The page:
What is Bardet-Biedl syndrome, BBS10-related?

Bardet-Biedl syndrome (BBS), BBS10-related, is an inherited disease that causes a variety of symptoms including vision problems, obesity, extra fingers or toes (polydactyly), genital and kidney problems, and learning difficulties. The condition is caused by harmful genetic changes (variants) in the BBS10 gene.

A hallmark of BBS is vision loss caused by retina degeneration (rod-cone dystrophy). It begins as night blindness in childhood and progresses to a loss of peripheral vision. Individuals with BBS can also lose central vision during childhood or adolescence. The mean age at which individuals become legally blind is 15.5 years. By early adulthood, affected individuals are severely visually impaired.

Kidney problems are present in most individuals with BBS and can range from a few functional problems to life-threatening kidney failure. Many affected individuals have developmental disabilities. This can range from mild learning disabilities or delayed emotional development to more severe symptoms. In some individuals, these delays are partly due to vision loss, while in other cases, they directly result from the disease.

Rarer features include liver disease, diabetes, neurological issues such as poor balance and coordination, behavioral issues, characteristic physical features, high blood pressure, defects of the heart or reproductive system, and hearing loss. These features vary between individuals.

More than 20 genes are associated with BBS, some associated with other syndromes such as Laurence-Moon syndrome, retinitis pigmentosa, and Meckel-Gruber syndrome. It is unclear if these represent a spectrum of diseases or if BBS is distinct from the other associated syndromes. A few reports identified harmful changes in the BBS10 in individuals with Meckel-like syndrome, which has features that include kidney disease, extra fingers or toes, and brain malformations.

How common is Bardet-Biedl syndrome, BBS10-related?

Harmful changes in the BBS10 gene account for approximately 15% of BBS cases. The number of individuals affected with BBS ranges from 1 in 100,000 to 1 in 160,000. BBS is more common in Kuwaiti Bedouins (1 in 13,500) and individuals from Newfoundland (1 in 17,500). It is also reported to be more common in individuals from South Africa.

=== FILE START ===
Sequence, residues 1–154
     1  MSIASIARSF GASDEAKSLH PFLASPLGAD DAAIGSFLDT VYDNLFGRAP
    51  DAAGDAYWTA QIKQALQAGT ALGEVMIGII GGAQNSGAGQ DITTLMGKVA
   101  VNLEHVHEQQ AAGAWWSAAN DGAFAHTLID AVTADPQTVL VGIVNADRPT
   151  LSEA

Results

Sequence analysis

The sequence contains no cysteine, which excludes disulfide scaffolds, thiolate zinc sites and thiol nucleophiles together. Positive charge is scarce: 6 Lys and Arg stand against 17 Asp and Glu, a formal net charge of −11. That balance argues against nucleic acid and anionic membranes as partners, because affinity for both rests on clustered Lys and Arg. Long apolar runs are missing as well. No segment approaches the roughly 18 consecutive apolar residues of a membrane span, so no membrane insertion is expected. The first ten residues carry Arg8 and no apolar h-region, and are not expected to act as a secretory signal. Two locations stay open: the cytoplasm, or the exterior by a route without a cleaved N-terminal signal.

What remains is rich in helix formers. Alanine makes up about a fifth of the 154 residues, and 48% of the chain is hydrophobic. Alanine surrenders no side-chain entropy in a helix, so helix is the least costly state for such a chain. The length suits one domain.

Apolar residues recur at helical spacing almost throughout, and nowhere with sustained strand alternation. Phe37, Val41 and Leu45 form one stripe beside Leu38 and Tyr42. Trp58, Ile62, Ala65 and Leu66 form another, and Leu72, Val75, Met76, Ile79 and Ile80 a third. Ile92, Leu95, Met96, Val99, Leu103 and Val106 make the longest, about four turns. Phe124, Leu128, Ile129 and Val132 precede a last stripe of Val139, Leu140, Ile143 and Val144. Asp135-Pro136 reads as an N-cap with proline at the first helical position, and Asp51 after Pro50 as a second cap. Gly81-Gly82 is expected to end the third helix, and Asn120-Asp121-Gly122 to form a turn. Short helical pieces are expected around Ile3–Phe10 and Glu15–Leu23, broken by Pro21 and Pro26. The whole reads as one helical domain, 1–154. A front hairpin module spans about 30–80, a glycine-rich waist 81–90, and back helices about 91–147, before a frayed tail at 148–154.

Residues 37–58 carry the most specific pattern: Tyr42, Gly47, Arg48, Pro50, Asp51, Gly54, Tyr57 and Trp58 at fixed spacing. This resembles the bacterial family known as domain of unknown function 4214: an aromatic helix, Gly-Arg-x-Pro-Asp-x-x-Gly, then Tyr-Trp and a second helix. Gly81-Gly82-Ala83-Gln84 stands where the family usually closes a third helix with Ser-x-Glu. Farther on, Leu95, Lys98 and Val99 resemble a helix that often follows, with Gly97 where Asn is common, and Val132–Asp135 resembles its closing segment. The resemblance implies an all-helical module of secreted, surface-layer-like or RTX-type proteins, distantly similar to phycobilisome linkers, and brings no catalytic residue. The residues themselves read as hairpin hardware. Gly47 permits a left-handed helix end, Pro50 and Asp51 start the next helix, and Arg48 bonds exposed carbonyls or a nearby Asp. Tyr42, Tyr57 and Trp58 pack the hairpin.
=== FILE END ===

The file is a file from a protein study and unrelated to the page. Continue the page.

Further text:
How is Bardet-Biedl syndrome, BBS10-related, treated?

There is no cure for BBS. A team of specialists must manage the associated symptoms. A geneticist is typically involved in diagnosing and managing an affected child. Treatment may include monitoring, provision of aids and therapies, or surgery. Patients are recommended to undergo regular monitoring of vision, weight, and blood pressure, as well as thyroid, kidney, and liver function. An ophthalmologist will manage vision issues; vision aids can help improve quality of life. The FDA has approved at least one medication, setmelanotide (Imcivree), for the treatment of obesity in individuals with BBS. Medications can help treat high blood pressure. An endocrinologist may be consulted for diabetes, thyroid disease, and proper pubertal development. Kidney issues are managed in a standard fashion, but if they become life-threatening, dialysis or transplantation may be necessary. Surgery can correct some birth defects (extra digits may be removed in childhood, or heart and vaginal malformation may be corrected), and an orthodontist may assist with correction of dental anomalies. Early intervention and therapies may assist with learning difficulties.

What is the prognosis for an individual with Bardet-Biedl Syndrome, BBS10-related?

Predicting symptoms and the course of the disease for individuals with BBS can be difficult due to the variable nature of the condition, even within families. One of the most consistent features is progressive vision loss, frequently leading to blindness. Kidney disease is also frequent and is a cause of early death for individuals with BBS. Complications of obesity, heart disease, and diabetes have also been reported as causes of early death. However, with treatment, many individuals have a normal or near-normal life expectancy with some impairments.

Other names for
Bardet-Biedl syndrome, BBS10-related

  • BBS
  • BBS10-related Bardet-Biedl syndrome
  • Bardet-Biedl syndrome 10


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